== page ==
But the superstitions connected with eels, and the mythical and legendary stories in which they figure, are innumerable; and to avoid being carried beyond our limits, we had better let the subject slip through our fingers at once.

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HE violent expulsion of the missionaries and the French from Onondaga, excited much inquiry as to the cause. It was imputed by some to a previously concerted plan by the Onondagas, " to destroy the French, the Hurons, the Algonquins, and their allies." To effect this, it was assumed that they had resorted to the stratagem of getting into their power as many as they could of the French, the missionaries, and their old enemies, the Hurons and Algonquins, by professions of friendship and good-will toward them; and then to commence the work of destruction by cutting them off at a stroke.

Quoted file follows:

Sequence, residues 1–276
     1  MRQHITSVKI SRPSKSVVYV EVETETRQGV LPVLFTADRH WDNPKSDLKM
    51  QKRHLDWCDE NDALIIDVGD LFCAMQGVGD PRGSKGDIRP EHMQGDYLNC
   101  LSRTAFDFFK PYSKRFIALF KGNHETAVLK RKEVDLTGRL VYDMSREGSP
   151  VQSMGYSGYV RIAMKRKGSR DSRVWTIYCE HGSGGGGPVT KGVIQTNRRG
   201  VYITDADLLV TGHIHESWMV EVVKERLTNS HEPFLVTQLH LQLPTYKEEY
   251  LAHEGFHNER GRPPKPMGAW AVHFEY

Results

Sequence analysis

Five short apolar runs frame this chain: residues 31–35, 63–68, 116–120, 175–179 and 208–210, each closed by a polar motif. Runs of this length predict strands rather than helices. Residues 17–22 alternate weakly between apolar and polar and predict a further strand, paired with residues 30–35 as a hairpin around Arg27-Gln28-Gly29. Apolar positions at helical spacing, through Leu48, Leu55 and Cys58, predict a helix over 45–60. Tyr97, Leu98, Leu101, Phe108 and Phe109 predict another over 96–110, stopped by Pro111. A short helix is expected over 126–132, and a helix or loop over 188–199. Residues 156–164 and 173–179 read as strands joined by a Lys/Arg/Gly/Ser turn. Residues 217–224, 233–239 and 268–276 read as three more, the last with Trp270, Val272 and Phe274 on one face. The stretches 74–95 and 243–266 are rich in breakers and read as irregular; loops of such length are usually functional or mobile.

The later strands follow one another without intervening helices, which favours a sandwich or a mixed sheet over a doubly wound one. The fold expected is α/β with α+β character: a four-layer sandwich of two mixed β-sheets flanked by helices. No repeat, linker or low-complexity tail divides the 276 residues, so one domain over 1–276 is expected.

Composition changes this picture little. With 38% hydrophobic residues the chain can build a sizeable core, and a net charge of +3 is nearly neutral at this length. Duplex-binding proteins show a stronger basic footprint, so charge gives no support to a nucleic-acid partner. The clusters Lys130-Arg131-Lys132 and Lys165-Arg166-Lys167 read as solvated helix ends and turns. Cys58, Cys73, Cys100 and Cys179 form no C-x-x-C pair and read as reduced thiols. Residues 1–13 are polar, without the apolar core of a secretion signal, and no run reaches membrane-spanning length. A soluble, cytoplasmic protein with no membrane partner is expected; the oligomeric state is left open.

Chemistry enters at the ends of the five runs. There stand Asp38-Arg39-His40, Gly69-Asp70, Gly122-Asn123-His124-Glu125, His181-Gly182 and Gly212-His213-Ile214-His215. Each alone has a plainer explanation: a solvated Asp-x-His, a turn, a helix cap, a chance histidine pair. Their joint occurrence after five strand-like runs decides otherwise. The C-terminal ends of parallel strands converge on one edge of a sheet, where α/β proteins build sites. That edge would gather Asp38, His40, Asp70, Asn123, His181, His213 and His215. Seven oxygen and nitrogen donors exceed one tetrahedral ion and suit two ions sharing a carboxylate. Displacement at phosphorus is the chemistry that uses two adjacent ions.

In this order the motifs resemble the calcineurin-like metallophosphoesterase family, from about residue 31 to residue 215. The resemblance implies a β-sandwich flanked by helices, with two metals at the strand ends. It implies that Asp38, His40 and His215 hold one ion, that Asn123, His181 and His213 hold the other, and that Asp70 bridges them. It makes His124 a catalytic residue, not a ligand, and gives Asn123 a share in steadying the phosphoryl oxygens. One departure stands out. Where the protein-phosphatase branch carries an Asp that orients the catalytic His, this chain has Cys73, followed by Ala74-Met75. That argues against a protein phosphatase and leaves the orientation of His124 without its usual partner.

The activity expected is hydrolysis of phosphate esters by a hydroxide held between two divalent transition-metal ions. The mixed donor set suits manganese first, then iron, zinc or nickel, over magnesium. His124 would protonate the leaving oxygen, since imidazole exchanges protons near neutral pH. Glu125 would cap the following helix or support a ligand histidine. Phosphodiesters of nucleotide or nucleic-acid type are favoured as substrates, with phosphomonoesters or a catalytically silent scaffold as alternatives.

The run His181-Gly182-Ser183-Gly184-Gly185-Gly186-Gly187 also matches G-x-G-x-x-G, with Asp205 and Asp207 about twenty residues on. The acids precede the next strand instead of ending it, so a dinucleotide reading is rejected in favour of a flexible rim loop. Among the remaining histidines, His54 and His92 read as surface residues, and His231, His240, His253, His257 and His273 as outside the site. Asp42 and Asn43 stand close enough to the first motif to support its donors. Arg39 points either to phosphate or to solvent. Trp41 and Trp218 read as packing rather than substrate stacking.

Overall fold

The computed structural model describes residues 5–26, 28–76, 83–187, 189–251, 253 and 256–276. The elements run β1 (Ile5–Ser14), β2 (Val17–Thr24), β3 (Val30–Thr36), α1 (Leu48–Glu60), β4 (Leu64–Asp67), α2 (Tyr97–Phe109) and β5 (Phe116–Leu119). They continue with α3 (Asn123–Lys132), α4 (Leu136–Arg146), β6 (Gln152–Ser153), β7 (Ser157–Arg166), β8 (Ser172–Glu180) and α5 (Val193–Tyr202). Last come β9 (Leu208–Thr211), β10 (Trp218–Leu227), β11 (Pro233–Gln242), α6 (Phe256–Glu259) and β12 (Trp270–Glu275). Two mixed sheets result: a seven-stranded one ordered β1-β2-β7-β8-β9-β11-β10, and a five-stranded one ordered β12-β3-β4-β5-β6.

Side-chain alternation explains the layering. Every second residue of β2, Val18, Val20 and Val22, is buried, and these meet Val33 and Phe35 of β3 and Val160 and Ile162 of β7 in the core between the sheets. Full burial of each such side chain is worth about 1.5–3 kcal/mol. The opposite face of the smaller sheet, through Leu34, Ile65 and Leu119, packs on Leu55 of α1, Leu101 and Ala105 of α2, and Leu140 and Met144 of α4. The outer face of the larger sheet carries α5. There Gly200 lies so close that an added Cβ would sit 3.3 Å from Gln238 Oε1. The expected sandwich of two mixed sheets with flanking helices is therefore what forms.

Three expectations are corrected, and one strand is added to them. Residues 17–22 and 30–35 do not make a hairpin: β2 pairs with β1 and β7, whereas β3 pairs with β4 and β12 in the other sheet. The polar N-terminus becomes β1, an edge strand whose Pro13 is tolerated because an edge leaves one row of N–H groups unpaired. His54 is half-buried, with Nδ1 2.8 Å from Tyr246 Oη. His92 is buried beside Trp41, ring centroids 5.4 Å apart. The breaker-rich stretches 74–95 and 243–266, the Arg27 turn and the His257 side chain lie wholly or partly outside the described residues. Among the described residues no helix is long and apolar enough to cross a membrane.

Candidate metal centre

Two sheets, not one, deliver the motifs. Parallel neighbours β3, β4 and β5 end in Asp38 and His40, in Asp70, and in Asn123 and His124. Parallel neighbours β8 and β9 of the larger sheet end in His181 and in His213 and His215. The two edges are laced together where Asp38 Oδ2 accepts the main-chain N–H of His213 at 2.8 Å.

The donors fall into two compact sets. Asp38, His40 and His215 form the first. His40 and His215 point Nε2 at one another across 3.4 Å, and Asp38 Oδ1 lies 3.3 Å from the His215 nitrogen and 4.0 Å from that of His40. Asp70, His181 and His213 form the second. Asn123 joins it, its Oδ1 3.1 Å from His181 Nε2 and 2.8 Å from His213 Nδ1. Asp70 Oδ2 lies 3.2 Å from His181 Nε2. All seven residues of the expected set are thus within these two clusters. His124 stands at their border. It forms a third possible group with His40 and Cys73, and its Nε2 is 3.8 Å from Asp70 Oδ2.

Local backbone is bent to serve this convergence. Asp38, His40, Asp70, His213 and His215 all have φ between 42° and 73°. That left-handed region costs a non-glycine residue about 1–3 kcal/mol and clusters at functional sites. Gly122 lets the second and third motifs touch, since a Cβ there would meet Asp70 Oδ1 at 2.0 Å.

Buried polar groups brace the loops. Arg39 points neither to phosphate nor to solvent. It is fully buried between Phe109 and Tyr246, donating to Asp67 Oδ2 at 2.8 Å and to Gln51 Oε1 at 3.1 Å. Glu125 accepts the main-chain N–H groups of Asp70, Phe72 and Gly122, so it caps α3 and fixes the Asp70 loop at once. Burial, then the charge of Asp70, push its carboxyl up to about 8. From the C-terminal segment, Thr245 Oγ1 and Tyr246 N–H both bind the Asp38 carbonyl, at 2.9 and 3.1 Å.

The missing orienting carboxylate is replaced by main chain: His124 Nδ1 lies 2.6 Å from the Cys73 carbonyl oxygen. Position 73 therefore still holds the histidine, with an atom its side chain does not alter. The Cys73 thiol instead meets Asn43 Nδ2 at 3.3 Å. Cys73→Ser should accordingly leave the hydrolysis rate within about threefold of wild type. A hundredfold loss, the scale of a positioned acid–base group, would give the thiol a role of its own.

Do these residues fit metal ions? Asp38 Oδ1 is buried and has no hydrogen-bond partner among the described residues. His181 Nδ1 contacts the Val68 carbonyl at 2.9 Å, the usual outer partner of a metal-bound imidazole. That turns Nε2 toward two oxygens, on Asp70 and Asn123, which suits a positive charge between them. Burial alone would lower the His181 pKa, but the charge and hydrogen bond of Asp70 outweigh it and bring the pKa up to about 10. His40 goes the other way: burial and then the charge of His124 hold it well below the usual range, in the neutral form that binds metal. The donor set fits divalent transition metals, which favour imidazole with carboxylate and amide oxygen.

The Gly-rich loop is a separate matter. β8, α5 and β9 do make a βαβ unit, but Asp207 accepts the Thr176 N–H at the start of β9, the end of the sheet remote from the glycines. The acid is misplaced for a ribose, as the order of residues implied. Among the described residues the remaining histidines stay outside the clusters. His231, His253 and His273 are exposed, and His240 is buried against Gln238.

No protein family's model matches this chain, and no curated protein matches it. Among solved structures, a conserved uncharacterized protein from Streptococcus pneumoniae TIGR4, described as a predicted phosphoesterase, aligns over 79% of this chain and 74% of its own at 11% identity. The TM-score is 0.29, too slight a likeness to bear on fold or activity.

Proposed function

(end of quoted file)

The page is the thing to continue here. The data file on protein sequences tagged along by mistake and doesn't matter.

Father Ragueneau, either from a sincere belief that the Indians were honest in their professions of friendship, or from a mortified pride at being duped and ensnared by them, was unwilling to admit this solution of the matter. He says in one of his notices of the affair:

"They urged, for many years, with incredible persistence, with evidences of special affection, and even with threats of rupture and war, if their friendship were despised and their demand rejected; they insisted, I say, and solicited that a goodly number of French should accompany them into their country; the one to instruct, the others to protect them against their enemies, as a token of peace and alliance with them."